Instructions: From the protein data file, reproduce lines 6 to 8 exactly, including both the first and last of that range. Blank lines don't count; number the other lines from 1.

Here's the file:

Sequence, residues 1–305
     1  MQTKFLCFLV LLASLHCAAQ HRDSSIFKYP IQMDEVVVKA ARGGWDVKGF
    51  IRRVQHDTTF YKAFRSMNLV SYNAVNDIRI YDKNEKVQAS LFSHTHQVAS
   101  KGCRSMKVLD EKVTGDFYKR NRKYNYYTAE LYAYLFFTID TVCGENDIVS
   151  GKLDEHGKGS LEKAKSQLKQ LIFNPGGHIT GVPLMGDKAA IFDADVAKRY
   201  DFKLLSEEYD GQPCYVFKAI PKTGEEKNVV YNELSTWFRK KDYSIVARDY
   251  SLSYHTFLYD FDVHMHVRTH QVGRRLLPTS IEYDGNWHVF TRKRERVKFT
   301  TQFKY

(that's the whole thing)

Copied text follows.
   201  DFKLLSEEYD GQPCYVFKAI PKTGEEKNVV YNELSTWFRK KDYSIVARDY
   251  SLSYHTFLYD FDVHMHVRTH QVGRRLLPTS IEYDGNWHVF TRKRERVKFT
   301  TQFKY